I think the second thing is, ask people to ask different questions, especially in the early stages of an idea. You can’t ask when are you going to be profitable, because you don’t know. What’s your hypothesis? That’s a good starting point. When are you going to know if it’s proven? You are teaching people to ask different questions, to allocate budgets differently so they can carve off money to test and learn and experiment and make room to do some of these challenge efforts.
Useem: When it comes to good ideas that work well in one company, sometimes they are exportable and sometimes not. Continuous improvement — Toyota had mastered that many decades ago. Companies all over the world now have learned how to be continuous improvers. Same for Six Sigma, which was developed elsewhere but adapted and adopted by GE. Do you think agitated inquiry, and these four other pieces of the model, can be exported?
Comstock: I actually think we do too much of that in business, where we take a framework that has worked at some other company and try to apply it exactly. I came up with the framework as a series of prompts to say, “Here are some questions to ask yourself, some ways to challenge your mindset. But you have to adapt it to the way you work.” I think you have to use these as prompts. It’s about critical thinking, about using your own judgment. I really caution against taking a blueprint that maybe worked at Nike and saying it is going to work for you, because it is a very different company. The context is very different.
“[Telling a] Story is too often what business people think we do at the end. To me, it’s where you start.”
Useem: Your fourth factor is story craft. Tell us how we would exercise that?
Comstock: [Telling a] Story is too often what business people think we do at the end. To me, it’s where you start. Story is your strategy; strategy is your story. Can you tell your vision: Where are we going, and why is it relevant? That is the simple message. Too often, we start with the logical outcomes, the financial outcome, and we forget that there is an emotional piece of it; there is an imagination piece that is about the vision. It is weaving those pieces together to say, where are we going, why does it matter to me, what is the promising outcome I am going to get? Where are you coming from so that I [believe] that you are going to be able to do what you are saying?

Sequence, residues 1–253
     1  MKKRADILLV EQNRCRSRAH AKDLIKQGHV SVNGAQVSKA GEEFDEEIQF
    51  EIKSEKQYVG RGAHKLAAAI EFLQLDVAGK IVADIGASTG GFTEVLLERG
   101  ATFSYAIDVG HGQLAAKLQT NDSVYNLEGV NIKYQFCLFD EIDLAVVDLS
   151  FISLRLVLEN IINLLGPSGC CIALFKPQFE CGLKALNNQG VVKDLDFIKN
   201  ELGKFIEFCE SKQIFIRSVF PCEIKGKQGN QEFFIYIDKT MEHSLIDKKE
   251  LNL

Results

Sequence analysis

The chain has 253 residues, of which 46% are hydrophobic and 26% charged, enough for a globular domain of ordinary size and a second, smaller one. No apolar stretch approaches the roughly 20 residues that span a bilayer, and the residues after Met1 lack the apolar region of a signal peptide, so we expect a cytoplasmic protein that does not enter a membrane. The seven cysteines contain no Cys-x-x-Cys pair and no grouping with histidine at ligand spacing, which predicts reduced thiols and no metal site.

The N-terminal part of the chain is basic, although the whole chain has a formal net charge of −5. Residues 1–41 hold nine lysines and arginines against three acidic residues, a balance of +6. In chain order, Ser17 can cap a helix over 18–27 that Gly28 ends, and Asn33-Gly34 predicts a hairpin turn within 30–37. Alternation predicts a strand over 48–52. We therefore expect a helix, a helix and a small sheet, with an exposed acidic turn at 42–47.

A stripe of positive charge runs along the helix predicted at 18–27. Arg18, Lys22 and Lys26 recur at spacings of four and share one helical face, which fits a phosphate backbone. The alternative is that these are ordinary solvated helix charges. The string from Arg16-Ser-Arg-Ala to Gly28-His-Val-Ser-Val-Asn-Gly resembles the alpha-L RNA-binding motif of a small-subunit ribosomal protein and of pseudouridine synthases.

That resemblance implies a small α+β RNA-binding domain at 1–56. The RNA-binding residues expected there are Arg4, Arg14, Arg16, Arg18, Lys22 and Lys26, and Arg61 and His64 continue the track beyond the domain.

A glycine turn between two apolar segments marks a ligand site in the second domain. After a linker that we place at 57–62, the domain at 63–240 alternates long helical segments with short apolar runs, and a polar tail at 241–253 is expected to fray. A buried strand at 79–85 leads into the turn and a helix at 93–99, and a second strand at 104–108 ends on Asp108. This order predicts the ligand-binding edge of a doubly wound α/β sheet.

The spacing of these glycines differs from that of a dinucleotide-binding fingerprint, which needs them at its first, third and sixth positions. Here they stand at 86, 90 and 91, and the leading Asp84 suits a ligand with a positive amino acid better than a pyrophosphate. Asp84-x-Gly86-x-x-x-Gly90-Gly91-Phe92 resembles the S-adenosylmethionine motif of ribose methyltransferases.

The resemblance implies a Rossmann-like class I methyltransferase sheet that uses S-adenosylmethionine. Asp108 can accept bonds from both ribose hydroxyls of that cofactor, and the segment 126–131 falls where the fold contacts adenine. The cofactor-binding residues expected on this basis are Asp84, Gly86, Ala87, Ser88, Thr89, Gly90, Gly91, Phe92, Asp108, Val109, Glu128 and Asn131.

I think anyone can master the art of story — it’s what makes us human — but we don’t invest enough in it. I am trying to make a case for some practices you can develop. Simple questions. Maybe just challenge people to ask, what is your story? Someone gets on an elevator with you, Mike, and you go, “What’s your story?” They probably freeze because we don’t ask people that often enough.
Useem: I like your optimism about the human condition. If we think about storytelling or agitated questioning, we can become better at that. To turn that back on you and the account in the book, which is at many points very personal, you describe yourself in your early years as an introvert. You were once called into Jeff Immelt’s office, and he said, “Beth, I want you to be more confident.” How did you become less introverted and more confident in that public sense?
Comstock: I think confidence comes after experience, for sure. Frankly, the more you try things, the more you realize you can actually do this. It was a series of just trying things and seeing what worked and didn’t. I am still an introvert. To me, it is that sense of just needing to conserve energy.
But I also was somewhat reserved and shy, and I realized that was standing in my way. I wasn’t the one putting the ideas out forcefully. I wasn’t asking questions. I missed opportunities to connect with people. While introversion might be good — I might be a good observer and listener — it was also holding me back. I had to fix that.
I gave myself a series of small challenges, really behavior shifts — I am going to take small, deliberate steps to make that happen. I am going to ask a question here. I am going to participate in this meeting. I am going to go meet somebody at this networking event. When Jeff said I needed to be more confident, I wasn’t showing up enough, I had to adapt that. I then had to show up in a meeting and make sure I had prepared a question, that I was able to challenge somebody who had a perspective that I might have a point of view on, and do it with my strength.
Useem: How did you know when you achieved what you wanted in pushing the company to be more market driven, more innovative, more digital? What would be a typical metric to know if things had moved in the right direction?
Comstock: Customer satisfaction would have been one. I think share of wallet would have been another one, where you are seeing the same customers buy more from you because you are able to adapt and offer applications and products that they previously didn’t know that you understood that they wanted.
As we got more into innovation, new revenue from new sources would have been something we would have asked for. I think just the quicker speed to adoption of new products meant that they were simpler to use; the user experience was more clearly defined. I think growth from new markets is another metric.
Knowledge at Wharton: You worked with Jack Welch and also Jeff Immelt. What were some of the differences between the two as leaders, and how did you view their strengths and weaknesses?